When word came that Taverna Opa owners Katerina and Vassilis Coumbaros were going to open a Spanish restaurant in the I-Drive 360 complex, the name, according to a press release, was to be Toca Boca ("touch the mouth" in Spanish).
But "Toca Boca," as it turned out, was a name used by an international gaming company, which just so happened to be owned by the Bonnier Group (whose offices take up a good chunk of real estate in Winter Park Village). So the husband-and-wife duo opted to change the name to Tora Bora – excuse me – Tapa Toro and, insofar as a name can reap dividends for a restaurant, the gamble appears to have paid off. There's certainly no doubt as to the eye-candy appeal of this 5,000-square-foot space.
For those seated at the 12-seat paella bar, a glance into the main dining room might seem like peering into a dark forest and seeing the luminescent glow of deer eyes. The dimly lit space necessitates launching one's flashlight app in order to read menu descriptions in small font, but when the words come into focus, it's a feast for the eyes.
Seeing was believing when spectacular pulpo ($15) poached in herbs and wine, marinated in paprika and garlic, and expertly charred on a plancha, was placed before us, then duly devoured. In a further nod to the Galician preparation, red potatoes (as well as grapes) were served alongside the octopus.
Really, apart from limp and soggy (and very garlicky) roasted cauliflower ($9), everything we sampled – from vinegary gazpacho ($6) with croutons of Galician barra, to arugula-topped pan rustico with a spread of Medjool dates, goat cheese and preserved lemon curd ($12) – was a "terrifying and edible beauty," to hijack a phrase from Salvador Dalí. If you'll forgive the hyperbole, the same went for plush and lovely tenderloins of beef grotesquely impaled on skewers.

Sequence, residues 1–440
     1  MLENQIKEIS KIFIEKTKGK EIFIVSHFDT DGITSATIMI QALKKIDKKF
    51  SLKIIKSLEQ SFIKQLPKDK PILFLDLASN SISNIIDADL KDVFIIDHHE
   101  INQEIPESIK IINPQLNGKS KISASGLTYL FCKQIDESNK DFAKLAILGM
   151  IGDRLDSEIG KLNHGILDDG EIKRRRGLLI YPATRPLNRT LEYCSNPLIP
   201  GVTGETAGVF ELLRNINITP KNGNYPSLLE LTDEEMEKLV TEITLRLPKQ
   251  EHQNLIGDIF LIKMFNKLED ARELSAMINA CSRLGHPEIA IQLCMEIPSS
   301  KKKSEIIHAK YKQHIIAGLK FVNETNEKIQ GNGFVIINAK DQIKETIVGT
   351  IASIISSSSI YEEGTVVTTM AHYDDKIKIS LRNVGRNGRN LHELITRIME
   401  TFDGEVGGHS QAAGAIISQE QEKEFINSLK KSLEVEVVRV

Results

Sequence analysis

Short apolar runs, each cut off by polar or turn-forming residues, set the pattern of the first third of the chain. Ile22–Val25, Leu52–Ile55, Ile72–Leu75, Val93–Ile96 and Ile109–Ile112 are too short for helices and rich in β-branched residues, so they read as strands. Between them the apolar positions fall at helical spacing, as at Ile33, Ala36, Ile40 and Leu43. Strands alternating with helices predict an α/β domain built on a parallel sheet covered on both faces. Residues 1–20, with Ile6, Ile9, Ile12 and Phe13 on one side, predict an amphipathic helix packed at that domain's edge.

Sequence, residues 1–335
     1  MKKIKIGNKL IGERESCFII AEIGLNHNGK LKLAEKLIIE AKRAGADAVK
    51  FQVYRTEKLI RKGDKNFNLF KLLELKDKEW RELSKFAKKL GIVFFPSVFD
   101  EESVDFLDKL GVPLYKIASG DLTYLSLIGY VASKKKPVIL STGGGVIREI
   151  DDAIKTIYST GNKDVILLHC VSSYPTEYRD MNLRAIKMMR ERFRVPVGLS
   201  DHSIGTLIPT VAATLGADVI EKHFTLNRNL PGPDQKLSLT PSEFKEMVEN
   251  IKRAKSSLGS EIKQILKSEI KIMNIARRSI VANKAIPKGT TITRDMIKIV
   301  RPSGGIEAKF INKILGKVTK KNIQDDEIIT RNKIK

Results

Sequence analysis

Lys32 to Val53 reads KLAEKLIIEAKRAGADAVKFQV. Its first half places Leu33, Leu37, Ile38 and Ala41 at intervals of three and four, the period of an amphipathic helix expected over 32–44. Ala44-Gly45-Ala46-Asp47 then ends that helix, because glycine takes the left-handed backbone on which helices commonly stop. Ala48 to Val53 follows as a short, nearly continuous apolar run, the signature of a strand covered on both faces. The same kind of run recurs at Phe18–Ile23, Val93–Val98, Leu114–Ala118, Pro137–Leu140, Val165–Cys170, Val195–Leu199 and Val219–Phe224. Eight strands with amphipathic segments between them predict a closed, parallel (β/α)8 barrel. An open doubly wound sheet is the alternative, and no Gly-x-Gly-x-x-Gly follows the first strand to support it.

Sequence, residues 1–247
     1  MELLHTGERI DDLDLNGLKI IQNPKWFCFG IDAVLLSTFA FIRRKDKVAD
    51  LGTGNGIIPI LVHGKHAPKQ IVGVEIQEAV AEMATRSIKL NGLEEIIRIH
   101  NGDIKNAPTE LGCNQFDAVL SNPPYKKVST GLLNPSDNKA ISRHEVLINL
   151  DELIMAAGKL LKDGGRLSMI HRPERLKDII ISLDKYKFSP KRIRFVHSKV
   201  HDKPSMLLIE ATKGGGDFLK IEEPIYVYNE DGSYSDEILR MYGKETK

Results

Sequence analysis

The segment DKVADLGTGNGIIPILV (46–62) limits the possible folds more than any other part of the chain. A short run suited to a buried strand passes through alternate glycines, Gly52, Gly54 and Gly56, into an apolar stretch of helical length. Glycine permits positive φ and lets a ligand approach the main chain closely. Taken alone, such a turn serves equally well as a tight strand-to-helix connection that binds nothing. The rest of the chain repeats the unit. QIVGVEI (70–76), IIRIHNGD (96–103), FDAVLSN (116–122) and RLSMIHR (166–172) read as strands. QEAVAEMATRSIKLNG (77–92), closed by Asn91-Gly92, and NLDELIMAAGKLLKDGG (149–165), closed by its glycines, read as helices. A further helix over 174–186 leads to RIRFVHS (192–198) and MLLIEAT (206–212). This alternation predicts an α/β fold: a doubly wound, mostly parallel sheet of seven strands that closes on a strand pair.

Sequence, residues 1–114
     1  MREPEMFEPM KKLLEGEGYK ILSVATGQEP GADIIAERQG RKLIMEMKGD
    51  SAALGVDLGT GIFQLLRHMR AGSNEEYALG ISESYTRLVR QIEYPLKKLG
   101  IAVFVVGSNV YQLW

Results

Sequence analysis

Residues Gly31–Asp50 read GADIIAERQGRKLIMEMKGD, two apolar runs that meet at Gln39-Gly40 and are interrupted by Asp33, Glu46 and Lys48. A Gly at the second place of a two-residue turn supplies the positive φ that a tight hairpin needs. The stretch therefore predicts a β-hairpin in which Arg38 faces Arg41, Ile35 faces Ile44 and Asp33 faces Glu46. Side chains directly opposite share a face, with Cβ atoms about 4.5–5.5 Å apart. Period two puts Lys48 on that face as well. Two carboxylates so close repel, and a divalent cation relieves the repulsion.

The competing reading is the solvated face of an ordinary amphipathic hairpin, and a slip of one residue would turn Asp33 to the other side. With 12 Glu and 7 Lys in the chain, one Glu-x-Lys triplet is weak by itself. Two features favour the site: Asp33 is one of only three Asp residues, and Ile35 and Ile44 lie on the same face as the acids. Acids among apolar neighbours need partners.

But what of the paella? The 40-minute prep time quoted by all the servers is often much shorter, making it well worth ordering. Our server, also given to hyperbole, declared the chicken, chorizo and lamb chop paella ($42) "changed my life," and if it weren't for the lack of crusty socarrat, it might have changed ours. Still, this was some utterly brilliant paella, and it reheated well the following day (and the day after that).
While our server was delightful, service needs work. One of the guests in our party was never presented a menu, and on two occasions, servers brought other people's dishes to our table. Given the smallish size of the water glasses, they should just leave a bottle of Florida's finest on every table rather than run the risk of leaving them unfilled (which was often). I should also state that nearly a half-hour passed before we got our desserts, so it's good thing there were plenty of distractions – namely, the gyrating flamenco dancers – to make the wait bearable. Speaking of dessert, there wasn't a bad thing to say about the chocolate sponge cake ($13) or the flan ($9) other than the price. On the libationary front, the lack of Spanish beers and sherries was disappointing.
As we left the packed restaurant, a selfish part of me thought what a pity it was that decent food like this was being wasted on all these bloody tourists. But as much as we locals might want vacationers to be left with the short end of the stick, we need independent outfits like Tapa Toro representing the city's culinary interests to the outside world. Unlike other restaurants in the area, Tapa Toro doesn't dish out a load of bull.